The jail op­po­site Ahmed’s house was once the home of an army of­fi­cer who fled Is­lamic State’s blitz across a third of Iraq’s ter­ri­tory in 2014. Its walls are cov­ered in soot from a fire ap­par­ently set by flee­ing fighters, but metal cages only slightly larger than an adult male are still in­tact. Ahmed, who learned English when US forces oc­cu­pied Iraq for nine years af­ter top­pling Sad­dam Hus­sein in 2003, was de­lighted to speak to a for­eign re­porter af­ter two years dur­ing which he feared he would be killed for us­ing English. “We have been liv­ing in hell, like zom­bies,” he said. Res­i­dents still in Hammam al-Alil on Mon­day told how they packed into homes with nearly 100 other peo­ple each for days to avoid be­ing forced to flee to Mo­sul as Is­lamic State re­treated. “They didn’t know we were here. We didn’t make a sound. No lights, no sound, no speak­ing at all,” said Ahmed. His fam­ily had stored food to avoid go­ing out­side but ev­ery­one lost weight, he said. Us­ing the bath­room was a chal­lenge.

As the town’s re­main­ing res­i­dents emerged from their homes on Mon­day, neigh­bours greeted each other for the first time in many days. An army lieu­tenant, back in Hammam Al-Alil af­ter tak­ing refuge on a moun­tain for more than a week fol­low­ing the es­ca­la­tion of ex­e­cu­tions of security per­son­nel, said he wit­nessed Is­lamic State kill peo­ple in a nearby field. Thou­sands of civil­ians, in­clud­ing many from vil­lages fur­ther south who had been forced to serve as hu­man shields for the ji­hadists, es­caped to gov­ern­ment camps over the week­end while oth­ers were forced deeper into Is­lamic State-held ter­ri­tory. “If the forces had come just a few days later, we would be in Mo­sul now. Daesh wanted to take us,” said Ahmed. Oth­ers were not so lucky. Tariq, an en­gi­neer­ing stu­dent, said he had bar­ri­caded him­self in­side his home with dozens of neigh­bors for four days be­fore Is­lamic State fled, re­fus­ing fighters’ de­mands to leave with them. At one point, he said, the fighters had donned army fa­tigues and man­aged to trick a few fam­i­lies into be­liev­ing they were ar­riv­ing Iraqi forces. When the civil­ians went out to greet them, Tariq said, they were ex­e­cuted. “Even a one-year-old baby, they put a bul­let in his head.”— Reuters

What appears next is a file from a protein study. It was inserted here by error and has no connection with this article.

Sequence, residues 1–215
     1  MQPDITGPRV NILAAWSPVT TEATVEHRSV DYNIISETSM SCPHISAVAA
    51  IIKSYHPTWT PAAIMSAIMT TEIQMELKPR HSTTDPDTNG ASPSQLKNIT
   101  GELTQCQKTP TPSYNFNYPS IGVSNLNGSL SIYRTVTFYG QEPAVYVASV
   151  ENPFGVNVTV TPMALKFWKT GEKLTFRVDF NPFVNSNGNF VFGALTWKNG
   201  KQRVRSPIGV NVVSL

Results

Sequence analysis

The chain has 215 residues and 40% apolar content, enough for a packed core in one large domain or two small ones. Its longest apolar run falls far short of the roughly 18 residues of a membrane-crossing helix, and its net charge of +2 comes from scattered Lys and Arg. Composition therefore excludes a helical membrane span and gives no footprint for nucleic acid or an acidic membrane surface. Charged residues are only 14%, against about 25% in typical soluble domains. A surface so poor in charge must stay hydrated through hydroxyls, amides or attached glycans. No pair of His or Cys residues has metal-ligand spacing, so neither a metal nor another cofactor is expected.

Fam­i­lies flee­ing Mo­sul as Iraqi forces move in are tak­ing their “of­fi­cial” doc­u­ments with them but also won­der­ing who will rec­og­nize the stamp of the Is­lamic State group. From the out­side, the “caliphate” IS pro­claimed in June 2014 could look like a law­less land run by ma­ni­a­cal ji­hadists on a per­ma­nent mur­der­ous ram­page. But two years later, sur­viv­ing civil­ians were also emerg­ing from a par­al­lel state where peo­ple were born, mar­ried and buried and where an army of reg­is­trars pro­duced “of­fi­cial” doc­u­ments.